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Assisters Succeed in Insurance Navigation for People Living with HIV and People at Increased Risk of HIV in a Complex Coverage Landscape

Authors
  • McManus, Kathleen A.1
  • Killelea, Amy2
  • Honeycutt, Ethan3
  • An, Zixiao3
  • Keim-Malpass, Jessica4
  • 1 University of Virginia, School of Medicine, Division of Infectious Diseases and International Health, Charlottesville, Virginia, USA.
  • 2 NASTAD, Health Systems and Policy, Washington, District of Columbia, USA.
  • 3 University of Virginia, College of Arts and Sciences, Charlottesville, Virginia, USA.
  • 4 University of Virginia, School of Nursing, Charlottesville, Virginia, USA.
Type
Published Article
Journal
AIDS Research and Human Retroviruses
Publisher
Mary Ann Liebert
Publication Date
Oct 01, 2020
Volume
36
Issue
10
Pages
842–851
Identifiers
DOI: 10.1089/aid.2020.0013
PMID: 32631076
PMCID: PMC7548024
Source
PubMed Central
Keywords
License
Green

Abstract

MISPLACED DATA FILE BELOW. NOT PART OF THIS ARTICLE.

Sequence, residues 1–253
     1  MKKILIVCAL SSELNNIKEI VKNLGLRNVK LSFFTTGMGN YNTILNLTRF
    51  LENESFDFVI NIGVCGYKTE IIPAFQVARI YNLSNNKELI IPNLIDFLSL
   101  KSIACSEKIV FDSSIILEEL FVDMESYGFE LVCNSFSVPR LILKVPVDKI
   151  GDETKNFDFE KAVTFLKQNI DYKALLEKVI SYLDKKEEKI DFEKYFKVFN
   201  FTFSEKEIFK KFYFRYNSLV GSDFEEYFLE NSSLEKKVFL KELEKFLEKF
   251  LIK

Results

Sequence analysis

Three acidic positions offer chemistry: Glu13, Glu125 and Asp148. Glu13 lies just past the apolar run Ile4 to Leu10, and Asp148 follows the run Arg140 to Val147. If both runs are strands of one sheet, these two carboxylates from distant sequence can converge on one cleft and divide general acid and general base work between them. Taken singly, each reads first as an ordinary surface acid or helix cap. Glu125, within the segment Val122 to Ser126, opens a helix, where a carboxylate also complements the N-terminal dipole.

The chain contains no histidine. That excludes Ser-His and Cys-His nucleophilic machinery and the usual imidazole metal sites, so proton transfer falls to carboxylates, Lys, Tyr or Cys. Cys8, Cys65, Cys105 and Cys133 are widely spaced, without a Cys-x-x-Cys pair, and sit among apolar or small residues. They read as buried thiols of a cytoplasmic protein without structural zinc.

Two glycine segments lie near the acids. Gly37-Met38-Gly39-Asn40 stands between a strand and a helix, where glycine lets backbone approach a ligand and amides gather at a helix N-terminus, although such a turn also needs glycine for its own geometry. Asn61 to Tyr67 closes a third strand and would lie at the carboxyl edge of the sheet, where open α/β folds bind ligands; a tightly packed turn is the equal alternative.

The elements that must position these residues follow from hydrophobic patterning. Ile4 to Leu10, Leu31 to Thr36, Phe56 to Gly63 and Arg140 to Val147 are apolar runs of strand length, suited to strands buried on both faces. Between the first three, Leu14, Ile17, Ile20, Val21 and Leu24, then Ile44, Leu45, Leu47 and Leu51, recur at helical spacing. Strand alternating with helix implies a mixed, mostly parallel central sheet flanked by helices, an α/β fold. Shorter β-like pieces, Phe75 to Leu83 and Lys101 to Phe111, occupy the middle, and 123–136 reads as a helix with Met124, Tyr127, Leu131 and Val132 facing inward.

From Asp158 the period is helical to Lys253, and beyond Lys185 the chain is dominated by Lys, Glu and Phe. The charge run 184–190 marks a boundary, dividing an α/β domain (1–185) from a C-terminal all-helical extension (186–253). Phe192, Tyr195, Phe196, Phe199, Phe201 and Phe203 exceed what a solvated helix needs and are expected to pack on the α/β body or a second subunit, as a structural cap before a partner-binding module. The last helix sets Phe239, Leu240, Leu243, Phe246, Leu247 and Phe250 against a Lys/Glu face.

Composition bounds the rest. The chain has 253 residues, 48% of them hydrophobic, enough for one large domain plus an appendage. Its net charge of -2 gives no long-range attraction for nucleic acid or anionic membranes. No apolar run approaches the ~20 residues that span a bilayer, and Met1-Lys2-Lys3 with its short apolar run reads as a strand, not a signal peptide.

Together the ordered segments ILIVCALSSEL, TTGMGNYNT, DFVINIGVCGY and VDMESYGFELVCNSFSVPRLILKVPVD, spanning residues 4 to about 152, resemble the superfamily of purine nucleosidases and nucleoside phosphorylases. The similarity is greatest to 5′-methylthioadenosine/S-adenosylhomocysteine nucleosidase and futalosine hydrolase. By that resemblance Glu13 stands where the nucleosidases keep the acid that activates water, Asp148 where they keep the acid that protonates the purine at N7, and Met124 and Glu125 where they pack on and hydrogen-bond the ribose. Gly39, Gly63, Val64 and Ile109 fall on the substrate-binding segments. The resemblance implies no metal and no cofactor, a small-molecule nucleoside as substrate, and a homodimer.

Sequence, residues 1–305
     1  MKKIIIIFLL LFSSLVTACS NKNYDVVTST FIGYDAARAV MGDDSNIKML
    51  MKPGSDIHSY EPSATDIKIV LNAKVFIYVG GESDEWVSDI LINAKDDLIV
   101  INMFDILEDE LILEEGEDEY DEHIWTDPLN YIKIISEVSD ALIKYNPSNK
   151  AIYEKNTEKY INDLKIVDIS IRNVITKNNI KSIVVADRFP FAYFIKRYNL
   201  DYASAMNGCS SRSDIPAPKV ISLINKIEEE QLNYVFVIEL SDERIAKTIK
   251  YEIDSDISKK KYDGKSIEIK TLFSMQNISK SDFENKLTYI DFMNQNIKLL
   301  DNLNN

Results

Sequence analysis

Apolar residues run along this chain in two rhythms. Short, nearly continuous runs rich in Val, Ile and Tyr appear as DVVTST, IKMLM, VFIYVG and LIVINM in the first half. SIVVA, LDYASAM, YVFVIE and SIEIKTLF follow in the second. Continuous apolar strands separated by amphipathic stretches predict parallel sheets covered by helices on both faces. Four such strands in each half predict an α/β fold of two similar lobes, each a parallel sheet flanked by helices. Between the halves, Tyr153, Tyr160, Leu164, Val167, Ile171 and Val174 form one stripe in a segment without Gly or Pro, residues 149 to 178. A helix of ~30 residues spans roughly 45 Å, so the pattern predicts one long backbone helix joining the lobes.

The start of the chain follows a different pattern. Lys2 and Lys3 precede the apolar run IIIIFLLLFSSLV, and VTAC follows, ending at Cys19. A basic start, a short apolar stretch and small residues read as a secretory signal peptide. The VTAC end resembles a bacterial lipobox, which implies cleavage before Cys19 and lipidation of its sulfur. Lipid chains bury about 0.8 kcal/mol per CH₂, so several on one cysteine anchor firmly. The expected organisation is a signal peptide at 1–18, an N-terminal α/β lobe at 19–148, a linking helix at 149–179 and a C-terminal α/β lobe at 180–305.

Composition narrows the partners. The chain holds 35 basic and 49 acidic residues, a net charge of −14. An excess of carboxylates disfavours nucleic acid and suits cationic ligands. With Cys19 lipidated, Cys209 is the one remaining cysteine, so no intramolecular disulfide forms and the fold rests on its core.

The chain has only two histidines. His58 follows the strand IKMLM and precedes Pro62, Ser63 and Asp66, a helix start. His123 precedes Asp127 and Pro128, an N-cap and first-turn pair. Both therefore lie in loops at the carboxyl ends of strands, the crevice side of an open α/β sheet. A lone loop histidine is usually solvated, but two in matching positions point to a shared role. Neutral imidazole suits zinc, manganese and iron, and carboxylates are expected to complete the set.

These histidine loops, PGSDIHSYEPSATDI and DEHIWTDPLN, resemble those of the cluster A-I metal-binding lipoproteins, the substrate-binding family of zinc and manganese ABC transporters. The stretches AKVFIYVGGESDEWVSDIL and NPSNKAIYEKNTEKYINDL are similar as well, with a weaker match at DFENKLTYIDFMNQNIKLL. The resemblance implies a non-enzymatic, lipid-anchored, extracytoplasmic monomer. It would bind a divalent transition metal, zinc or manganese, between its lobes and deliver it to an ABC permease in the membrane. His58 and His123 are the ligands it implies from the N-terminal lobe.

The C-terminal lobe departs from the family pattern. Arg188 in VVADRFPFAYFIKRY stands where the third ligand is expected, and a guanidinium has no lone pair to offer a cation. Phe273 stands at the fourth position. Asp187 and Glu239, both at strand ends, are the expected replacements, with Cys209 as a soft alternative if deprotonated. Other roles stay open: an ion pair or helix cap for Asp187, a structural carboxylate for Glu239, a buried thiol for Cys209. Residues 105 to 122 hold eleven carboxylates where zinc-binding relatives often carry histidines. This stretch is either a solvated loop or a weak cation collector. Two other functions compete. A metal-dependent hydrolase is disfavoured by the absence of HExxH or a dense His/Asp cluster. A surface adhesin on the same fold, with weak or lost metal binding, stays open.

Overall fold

Insurance enrollment is complex for people living with HIV (PLWH) and people at increased risk for HIV, in part, owing to needing to ensure access to adequate provider networks and appropriate formularies. Insurance for PLWH facilitates access to HIV care/treatment and, ultimately, viral suppression, which has the individual benefit of longevity and the public health benefit of decreased HIV transmission. For people at increased risk for HIV, access to insurance facilitates improved access to HIV biomedical prevention, which has the individual benefit of elimination of transmission risk and the public health benefit of decreased HIV transmission. The objective of this study was to explore perceptions of priorities related to plan navigation, barriers and facilitators for enrolling and maintaining insurance coverage, and questions related to regional, state, and federal policies impacting plans provided both on and off the Affordable Care Act (ACA) marketplace. We interviewed a national sample of assisters ( n = 40), who specialize in insurance plan selection for these populations. We found that assisters tailor their approaches to HIV-specific and person-specific concerns by navigating challenges related to affordability, formularies, and provider networks. In a complex coverage landscape during a time of uncertainty about the long-term future of the ACA, assisters have mastered the ability to simplify the insurance selection process for a vulnerable population. Assisters have excelled at incorporating insurance literacy education and encouraging client engagement in the process. Assisters play an essential role in the current complicated and fragmented United States' health care delivery system for PLWH and people at increased risk for HIV and could be incorporated into the Ending the HIV Epidemic initiative.

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